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Image: Mike HallDomestic workers around the world play a crucial role in raising children, caring for the elderly and the infirm, and generally supporting those in need of household help. But these same workers are all too often exploited and have little recourse because they are largely excluded from the legal protections that safeguard almost all other workers.

This month at the International Labor Organization’s (ILO) annual conference in Geneva, Switzerland, delegates will take a special look the plight of domestic workers and are expected to set a global standard outlining basic rights for domestic workers. The ILO is part of the United Nations.

In the opening statement for the United States at the first session of the Decent Work for Domestic Workers discussion, the Department of Labor’s Robert Shepard, said:

Domestic workers often work longer hours and receive less wages, while performing work that we can all agree involves a high level of responsibility.  Domestic workers are pillars of the modern service economy.  The majority of domestic workers are women and girls—oftentimes from predominantly migrant populations who work in isolated workplaces.  For these reasons domestic workers, and particularly for migrants and children, are vulnerable to many forms of exploitation, from nonpayment of wages to trafficking.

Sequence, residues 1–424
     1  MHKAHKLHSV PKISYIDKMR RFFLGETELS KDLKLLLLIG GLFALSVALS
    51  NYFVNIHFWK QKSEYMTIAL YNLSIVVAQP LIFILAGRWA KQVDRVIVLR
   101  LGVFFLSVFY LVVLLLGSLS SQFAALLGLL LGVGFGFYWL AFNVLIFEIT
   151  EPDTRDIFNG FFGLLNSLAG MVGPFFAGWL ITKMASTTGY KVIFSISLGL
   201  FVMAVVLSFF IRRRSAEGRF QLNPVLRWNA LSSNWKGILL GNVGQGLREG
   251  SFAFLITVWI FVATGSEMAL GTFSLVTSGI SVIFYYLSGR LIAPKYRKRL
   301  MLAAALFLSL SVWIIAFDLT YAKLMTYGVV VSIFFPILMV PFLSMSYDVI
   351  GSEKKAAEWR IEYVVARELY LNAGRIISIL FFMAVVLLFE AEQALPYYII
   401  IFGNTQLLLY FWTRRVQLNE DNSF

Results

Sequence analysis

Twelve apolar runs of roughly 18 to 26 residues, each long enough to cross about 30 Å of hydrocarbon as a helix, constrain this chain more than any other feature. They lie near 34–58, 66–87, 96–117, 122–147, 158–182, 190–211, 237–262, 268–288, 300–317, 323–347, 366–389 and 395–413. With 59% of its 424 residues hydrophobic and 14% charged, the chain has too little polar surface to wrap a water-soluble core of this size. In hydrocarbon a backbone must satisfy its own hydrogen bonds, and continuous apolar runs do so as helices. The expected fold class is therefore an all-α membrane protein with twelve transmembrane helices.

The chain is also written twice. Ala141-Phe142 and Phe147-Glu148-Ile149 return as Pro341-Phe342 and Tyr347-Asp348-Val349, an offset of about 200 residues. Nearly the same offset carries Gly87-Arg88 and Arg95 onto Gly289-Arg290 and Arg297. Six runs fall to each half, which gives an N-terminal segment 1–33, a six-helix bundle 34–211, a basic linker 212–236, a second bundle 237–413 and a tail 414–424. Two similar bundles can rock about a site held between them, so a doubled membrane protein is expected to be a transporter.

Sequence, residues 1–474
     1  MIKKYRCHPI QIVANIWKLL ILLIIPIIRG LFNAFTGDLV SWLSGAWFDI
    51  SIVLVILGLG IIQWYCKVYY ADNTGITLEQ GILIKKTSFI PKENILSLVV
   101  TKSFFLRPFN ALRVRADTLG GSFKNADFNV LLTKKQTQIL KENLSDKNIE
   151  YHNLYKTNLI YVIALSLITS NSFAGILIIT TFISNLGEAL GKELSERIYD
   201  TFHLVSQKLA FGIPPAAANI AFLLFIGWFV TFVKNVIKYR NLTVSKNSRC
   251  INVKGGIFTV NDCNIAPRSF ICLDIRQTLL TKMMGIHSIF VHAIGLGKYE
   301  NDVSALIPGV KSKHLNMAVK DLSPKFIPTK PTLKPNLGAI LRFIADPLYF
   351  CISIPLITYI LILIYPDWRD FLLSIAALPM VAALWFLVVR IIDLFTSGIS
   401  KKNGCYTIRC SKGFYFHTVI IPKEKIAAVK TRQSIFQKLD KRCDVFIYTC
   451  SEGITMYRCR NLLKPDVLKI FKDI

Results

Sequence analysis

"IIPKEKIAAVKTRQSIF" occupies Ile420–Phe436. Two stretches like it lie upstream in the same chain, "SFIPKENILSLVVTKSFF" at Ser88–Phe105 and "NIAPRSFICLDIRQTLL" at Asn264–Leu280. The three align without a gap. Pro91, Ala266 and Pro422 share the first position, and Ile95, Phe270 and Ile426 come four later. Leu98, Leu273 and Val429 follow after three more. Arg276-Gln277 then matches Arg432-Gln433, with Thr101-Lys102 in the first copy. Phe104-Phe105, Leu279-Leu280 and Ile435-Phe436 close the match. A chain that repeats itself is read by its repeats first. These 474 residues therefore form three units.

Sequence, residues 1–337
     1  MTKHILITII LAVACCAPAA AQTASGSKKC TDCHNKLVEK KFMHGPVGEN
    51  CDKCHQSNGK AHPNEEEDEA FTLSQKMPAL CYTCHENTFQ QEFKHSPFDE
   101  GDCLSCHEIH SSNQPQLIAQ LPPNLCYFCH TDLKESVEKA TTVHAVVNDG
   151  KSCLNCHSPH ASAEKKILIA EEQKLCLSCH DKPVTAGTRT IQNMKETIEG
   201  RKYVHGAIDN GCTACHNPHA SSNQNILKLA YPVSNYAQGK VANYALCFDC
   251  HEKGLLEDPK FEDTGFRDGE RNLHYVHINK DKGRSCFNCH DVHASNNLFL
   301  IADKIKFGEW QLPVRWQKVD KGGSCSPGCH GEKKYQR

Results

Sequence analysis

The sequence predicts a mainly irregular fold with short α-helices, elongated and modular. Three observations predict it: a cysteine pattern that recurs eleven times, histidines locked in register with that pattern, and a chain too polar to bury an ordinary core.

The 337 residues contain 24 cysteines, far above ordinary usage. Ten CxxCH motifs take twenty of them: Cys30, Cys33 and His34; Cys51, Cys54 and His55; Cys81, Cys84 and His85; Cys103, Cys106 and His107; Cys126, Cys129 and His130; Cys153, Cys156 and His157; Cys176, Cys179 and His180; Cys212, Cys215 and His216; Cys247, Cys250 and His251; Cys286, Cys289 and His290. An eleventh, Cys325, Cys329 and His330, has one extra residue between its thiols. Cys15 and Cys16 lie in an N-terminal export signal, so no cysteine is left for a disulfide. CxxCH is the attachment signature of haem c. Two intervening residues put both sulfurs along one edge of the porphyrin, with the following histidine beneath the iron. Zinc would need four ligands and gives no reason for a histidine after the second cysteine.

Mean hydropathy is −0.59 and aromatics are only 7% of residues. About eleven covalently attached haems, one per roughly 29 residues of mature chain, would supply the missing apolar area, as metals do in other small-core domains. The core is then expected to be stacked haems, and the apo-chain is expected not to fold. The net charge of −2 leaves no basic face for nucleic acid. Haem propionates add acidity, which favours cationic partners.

He noted that laws in many countries do not offer domestic workers the same kind of wage, working condition and other protections most workers enjoy. Even the ILO has not issued a global standard that offers these workers the promise of equal treatment. He urged the delegates to adopt a convention that would apply to all domestic workers. Shephard said the conventions should:

  • Ensure domestic workers have the same opportunity as other workers to negotiate the terms and conditions of  their work;
  • Include special provisions to prevent protect domestic workers from abuse, harassment, violence and trafficking;
  • Acknowledge that all parties must “respect, promote and realize . . . the fundamental principles and rights at work.”

Shephard also said employment agencies should be scrutinized. Many global employment agencies provide vital services for workers and employers, but: